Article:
I was perhaps an accidental artist, growing up alienated with a slightly abusive mother and a dad working long hours and going to night school, themselves the children of dairy farmers, my childhood era the turmoil of senseless violence of the sixties, my environment stuck in fifties philosophy, a tarnished Pleasantville.
Yet the house was filled with books, the library was down the street, and inexpensive books were available from catalogs the teachers gave us in class. I took refuge here, eventually also in mathematics (I liked the logical aspects and the challenge of theoretical math) and increasingly in music. From music, the path I decided to follow, I learned a good deal about what the music addressed, including time periods, cultures, philosophies, literature, dance, opera—anything that might make me a better musician—learning FAR more than in school or college.
Most of all, I learned to identify myself as an artist—one who strove to see the world in terms of ideas, particularly fresh views of that world, challenging entrenched, outdated, unuseful thought patterns. “I was sent into the world to rattle cages,” I sometimes explained—my view of the artist as a young man, my way of dealing with a confusing world in my search for purpose and identity.
Thirty years later, I seem to have circled back. My family is scattered and some members won’t even speak to each other. I feel alienated at work, my classroom successes—new approaches, students winning awards for their writing and so forth—are met with polite praise and official criticism, as I’m viewed more as a threat than an asset, indicated by the degree of nitpicking necessary to respond to my endeavors (which remain otherwise successful). I’m irritated and angry, despondent and discouraged. What a waste of energy.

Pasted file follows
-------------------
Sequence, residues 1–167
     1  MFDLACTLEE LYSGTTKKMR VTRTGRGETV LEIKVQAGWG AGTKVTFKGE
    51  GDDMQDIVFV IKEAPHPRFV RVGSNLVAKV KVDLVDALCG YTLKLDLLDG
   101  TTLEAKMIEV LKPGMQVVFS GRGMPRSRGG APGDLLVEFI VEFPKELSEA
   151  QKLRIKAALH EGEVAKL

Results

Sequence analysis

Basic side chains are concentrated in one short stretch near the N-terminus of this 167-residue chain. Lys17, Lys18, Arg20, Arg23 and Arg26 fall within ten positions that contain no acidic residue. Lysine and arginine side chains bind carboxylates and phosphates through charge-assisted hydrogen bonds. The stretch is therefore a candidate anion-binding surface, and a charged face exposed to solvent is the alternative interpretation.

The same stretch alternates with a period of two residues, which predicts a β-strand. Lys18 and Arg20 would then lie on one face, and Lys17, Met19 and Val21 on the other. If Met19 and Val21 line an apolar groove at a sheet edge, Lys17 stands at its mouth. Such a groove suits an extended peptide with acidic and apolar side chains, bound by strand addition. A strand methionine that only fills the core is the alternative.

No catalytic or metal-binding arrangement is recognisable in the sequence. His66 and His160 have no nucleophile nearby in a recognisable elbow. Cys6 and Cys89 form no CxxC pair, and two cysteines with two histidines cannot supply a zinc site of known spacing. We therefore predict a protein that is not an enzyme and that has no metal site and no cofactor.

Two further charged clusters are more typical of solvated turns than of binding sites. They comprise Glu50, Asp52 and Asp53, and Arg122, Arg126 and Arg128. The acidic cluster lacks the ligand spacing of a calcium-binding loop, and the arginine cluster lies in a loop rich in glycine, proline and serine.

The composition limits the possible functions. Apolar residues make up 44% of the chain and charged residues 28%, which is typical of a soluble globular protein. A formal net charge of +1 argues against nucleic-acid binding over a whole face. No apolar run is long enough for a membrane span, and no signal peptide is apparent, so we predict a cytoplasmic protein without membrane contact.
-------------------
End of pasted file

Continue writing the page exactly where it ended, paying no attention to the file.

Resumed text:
So, I find myself back to rattling cages, back to letting go of what others think, back to seeing the world as freshly as I can, and back to living in my own mental compartment, perhaps symbolized by my cave of an office, or by my home located far out in the country by myself.
Ironic, I suppose (or maybe this has just been building): I sat down to consider how to approach my Intro to Fiction class in this next unit. We’ve just finished “Dubliners”—essentially the story of Joyce’s journey from artistic/alienated adolescent in ”Araby” to his cosmic self-realization(s) at the end of “The Dead”—and his next work? “A Portrait of the Artist as a Young Man” (one of the books I read on my own as a student). Then I started to read the next work, Hesse’s “Magister Ludi,” and I had my own epiphany.
As the “biographer” described the history of the novel’s Glass Bead Game, I remembered why I chose to read this work too as a student, and I know what I’ll teach the class to get them into the novel. As the narrator describes, I’ll show them what’s so special about Bach, Mozart, and Renaissance masters, how Joyce parallels music, how music and mathematics are richly intertwined, how great a role math plays in Renaissance painting and architecture, how Ancient Greece saw music as also geometry and astronomy, how this started the university system, and how Ancient China governed the use of music as essential to the health of the state—and why.
And then the role of contemplation. How everything is a symbol. And just what do we DO with this knowledge after we attain it?
For better or for worse, the artist is back, attitude and all. It’s simply who and what I am, and I refuse to be "a creature driven and derided by vanity."